Most historians agree that the caps and gowns associated with graduation ceremonies stem from the garb worn by students and professors in the 1200s when many European universities were founded. Students and teachers wore clerical clothing at the time because many of the instructors were priests, monks or clerics.
In the 1300s, Oxford and Cambridge Universities in England began to require students to wear the gowns at graduation ceremonies. The mortarboard hat is believed to be modeled after a style of hat known as birettas worn by Catholic priests in this time period.
Caps and gowns still signify attainment of academic degrees today and commencement to the next stage in students’ lives.
It’s no wonder that the recent graduates who attended WGU North Carolina’s first-ever Graduation Celebration Sept. 14 at the Greensboro Science Center felt honored to don borrowed caps and gowns for a photo op by themselves, with their families, or with Sage, WGU’s owl mascot. They deserved to celebrate earning their bachelor’s or master’s degrees, many while working full-time and raising families.
About 36 graduates and 160 of their guests from throughout the state enjoyed a catered lunch of barbeque, grilled chicken, sides and chocolate cake in the Science Center’s Great Hall, while a slideshow of photos from the past year played on a giant screen. Strategic Partnerships Manager Lynne Barbour filled in admirably for WGU Chancellor Catherine Truitt, who was recovering from surgery, as emcee for the festivities.
“Ever since WGU North Carolina officially launched in October 2017, we’ve been asked ‘When are you going to have a graduation ceremony?’” Barbour told the audience. “We’re still crossing our fingers for 2020, but in the meantime, we wanted to have a graduation celebration just for you.”
The attendees then saw a brief video greeting from the chancellor, who passed along her congratulations and reminded graduates that they join more than 3,000 WGU alumni statewide and are now “Night Owls for life.” The presentation also included brief video testimonials shot earlier this year featuring a double WGU graduate and a current student.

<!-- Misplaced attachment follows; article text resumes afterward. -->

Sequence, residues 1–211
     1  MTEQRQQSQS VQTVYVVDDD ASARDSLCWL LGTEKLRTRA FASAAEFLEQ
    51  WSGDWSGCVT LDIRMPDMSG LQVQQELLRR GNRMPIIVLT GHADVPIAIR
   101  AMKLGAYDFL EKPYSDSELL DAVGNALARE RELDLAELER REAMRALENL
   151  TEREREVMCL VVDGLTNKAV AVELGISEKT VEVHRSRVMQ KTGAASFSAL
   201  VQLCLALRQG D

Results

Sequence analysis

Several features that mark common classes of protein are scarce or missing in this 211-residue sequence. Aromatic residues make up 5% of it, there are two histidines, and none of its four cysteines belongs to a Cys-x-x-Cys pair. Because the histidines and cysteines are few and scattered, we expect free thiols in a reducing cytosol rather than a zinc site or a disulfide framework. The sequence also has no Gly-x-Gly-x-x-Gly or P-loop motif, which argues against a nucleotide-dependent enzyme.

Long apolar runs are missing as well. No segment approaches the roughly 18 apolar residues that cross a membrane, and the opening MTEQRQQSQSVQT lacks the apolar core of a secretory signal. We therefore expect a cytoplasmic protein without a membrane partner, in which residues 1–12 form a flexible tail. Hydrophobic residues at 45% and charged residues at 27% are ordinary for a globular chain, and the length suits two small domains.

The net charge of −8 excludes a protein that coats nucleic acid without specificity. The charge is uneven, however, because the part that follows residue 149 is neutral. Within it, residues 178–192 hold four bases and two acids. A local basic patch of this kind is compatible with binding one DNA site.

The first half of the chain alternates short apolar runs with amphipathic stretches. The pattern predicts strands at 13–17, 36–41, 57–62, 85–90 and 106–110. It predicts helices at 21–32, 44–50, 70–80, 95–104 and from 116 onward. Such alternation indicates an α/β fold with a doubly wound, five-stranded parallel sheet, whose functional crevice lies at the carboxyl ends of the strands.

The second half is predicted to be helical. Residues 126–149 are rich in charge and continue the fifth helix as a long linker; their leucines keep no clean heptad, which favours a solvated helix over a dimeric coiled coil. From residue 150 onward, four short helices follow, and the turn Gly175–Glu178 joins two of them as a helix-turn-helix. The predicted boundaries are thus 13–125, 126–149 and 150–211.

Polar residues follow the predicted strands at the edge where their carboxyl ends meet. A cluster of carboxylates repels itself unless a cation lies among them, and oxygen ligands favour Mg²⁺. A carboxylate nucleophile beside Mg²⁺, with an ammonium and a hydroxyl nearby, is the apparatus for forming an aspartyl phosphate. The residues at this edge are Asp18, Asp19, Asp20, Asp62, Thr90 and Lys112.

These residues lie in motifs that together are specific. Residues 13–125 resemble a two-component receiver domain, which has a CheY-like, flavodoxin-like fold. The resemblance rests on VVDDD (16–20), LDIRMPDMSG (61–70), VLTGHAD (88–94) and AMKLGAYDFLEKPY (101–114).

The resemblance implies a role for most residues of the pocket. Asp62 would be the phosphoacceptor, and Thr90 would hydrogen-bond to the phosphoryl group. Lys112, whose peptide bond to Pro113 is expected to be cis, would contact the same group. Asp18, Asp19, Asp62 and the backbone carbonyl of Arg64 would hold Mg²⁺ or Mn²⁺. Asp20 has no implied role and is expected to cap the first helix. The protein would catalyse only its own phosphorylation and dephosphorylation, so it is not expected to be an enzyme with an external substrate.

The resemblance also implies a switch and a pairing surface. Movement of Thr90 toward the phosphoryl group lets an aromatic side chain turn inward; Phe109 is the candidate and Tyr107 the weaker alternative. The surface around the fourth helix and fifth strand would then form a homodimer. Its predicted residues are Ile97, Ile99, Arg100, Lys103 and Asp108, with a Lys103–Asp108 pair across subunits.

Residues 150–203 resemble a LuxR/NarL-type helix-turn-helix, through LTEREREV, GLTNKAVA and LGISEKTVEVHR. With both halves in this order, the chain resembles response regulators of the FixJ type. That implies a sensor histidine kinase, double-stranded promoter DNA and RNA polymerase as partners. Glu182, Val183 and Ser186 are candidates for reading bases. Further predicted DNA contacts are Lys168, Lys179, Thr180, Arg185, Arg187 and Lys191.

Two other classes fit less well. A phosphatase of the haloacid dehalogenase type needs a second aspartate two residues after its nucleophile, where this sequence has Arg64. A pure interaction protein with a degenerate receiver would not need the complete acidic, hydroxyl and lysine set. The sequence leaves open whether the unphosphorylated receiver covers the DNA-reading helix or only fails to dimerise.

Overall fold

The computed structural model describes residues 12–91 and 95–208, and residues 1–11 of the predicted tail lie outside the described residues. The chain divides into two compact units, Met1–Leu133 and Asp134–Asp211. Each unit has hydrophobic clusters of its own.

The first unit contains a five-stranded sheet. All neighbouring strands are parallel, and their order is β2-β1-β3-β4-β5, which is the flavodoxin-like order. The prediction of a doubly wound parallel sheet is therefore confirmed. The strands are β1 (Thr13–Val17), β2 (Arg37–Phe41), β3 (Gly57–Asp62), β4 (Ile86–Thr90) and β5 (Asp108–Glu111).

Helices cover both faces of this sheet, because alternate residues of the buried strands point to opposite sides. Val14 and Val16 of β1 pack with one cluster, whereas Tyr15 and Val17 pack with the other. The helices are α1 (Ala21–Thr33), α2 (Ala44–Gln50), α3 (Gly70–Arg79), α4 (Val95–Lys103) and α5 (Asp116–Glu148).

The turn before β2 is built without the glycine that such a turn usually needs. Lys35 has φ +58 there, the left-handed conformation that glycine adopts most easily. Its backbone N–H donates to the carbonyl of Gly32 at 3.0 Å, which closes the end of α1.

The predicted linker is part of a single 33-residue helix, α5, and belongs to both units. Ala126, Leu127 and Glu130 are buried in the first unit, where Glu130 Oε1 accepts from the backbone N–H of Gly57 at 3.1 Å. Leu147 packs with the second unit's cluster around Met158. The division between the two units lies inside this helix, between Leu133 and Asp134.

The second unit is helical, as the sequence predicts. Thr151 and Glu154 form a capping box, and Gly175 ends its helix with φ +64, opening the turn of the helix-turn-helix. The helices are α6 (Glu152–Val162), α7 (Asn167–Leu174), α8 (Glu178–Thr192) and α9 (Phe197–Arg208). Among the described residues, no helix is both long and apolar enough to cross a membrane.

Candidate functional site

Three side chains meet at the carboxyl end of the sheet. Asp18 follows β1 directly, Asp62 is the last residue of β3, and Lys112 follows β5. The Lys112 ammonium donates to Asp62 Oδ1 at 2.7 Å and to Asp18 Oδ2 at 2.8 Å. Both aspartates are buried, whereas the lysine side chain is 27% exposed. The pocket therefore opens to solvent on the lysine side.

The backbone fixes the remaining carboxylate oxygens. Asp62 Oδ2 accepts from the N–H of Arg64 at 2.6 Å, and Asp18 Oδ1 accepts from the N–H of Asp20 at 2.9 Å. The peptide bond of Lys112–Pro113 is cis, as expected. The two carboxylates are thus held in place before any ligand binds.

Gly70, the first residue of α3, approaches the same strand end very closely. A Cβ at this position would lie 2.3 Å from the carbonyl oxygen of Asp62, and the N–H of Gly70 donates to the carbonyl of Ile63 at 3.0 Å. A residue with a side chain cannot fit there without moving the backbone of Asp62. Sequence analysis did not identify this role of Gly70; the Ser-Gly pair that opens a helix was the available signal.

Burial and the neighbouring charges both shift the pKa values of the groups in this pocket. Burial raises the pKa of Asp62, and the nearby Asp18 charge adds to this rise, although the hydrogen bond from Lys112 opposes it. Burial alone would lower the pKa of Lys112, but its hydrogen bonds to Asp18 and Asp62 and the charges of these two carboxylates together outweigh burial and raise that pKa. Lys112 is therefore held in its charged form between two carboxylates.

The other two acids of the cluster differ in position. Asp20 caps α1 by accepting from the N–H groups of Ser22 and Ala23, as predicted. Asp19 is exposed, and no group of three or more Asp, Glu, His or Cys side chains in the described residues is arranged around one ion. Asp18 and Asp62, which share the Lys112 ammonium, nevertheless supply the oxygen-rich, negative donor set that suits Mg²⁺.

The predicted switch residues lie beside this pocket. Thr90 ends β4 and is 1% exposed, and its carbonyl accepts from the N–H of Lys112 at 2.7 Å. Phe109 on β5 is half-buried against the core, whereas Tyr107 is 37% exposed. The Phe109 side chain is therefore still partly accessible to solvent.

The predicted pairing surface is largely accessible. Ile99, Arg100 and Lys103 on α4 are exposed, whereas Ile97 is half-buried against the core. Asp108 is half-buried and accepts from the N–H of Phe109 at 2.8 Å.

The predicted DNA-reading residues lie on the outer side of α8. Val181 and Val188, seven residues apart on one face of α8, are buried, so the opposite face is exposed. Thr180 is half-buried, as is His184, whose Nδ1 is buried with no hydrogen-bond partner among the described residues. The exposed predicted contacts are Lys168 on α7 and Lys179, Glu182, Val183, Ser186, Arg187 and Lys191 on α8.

The grads in attendance stood up as their WGU colleges were called out and announced what degree they earned, often followed by applause and a few hoots.
Following the celebration, all guests were given the opportunity to enjoy free admission to the Science Center. If they didn’t do so beforehand, many took the opportunity to don academic regalia for photos in front of the WGU North Carolina banner. We also provided hoods in colors matching their academic fields, and sample diploma covers that they could hold up for photographs.
WGU hired a professional photographer to take candid and posed photos, which were subsequently available for free via a link provided to the attendees.
One graduate remarked, “That 30 seconds [posing for photos] was totally worth it.” Another remarked she felt “a real sense of accomplishment” and was glad we could be part of her success. Others took to social media to post comments:
- “Even though I received my diploma for my BSN last month, @wgunorthcarolina was sweet enough to throw a graduation celebration to celebrate with our friends and family! Thankful that mama bear was able to fly up and be here for it too."
- “It was a great celebration!”
- “It was a great time! Thanks, WGU!”
- “I hope y’all do more! I’d love to have this when I graduate with y’all!!”
One graduate shared her comments via an email. “I wanted to take a moment to express my gratitude and appreciation for the Graduation Celebration your office put together for us in North Carolina,” she wrote. “The WGU sponsored commencement ceremonies in various parts of the country would have required significant travel expense and taking my family was cost prohibitive. I finished my bachelor’s degree on my 52nd birthday and really didn’t care about walking across the stage for myself, but I wanted a ‘graduation’ picture to send to my mother.” She concluded by saying she was starting her master’s degree with WGU in September and that her daughter is enrolled in WGU’s Teachers College.
Congratulations to all recent WGU graduates! You join a long list of degreed professionals dating back to the 1300s who earned the right to don caps and gowns in recognition of your academic achievements.
The WGU North Carolina staff would like to thank WGU Tennessee for loaning us their caps and gowns, the staff of Clairemont Communications for helping plan the celebration, and the following WGU faculty who volunteered at the event: Steve Marshall (aka “Sage”), Kelly Webster, Ellie Hunt and Shannon Hawkins.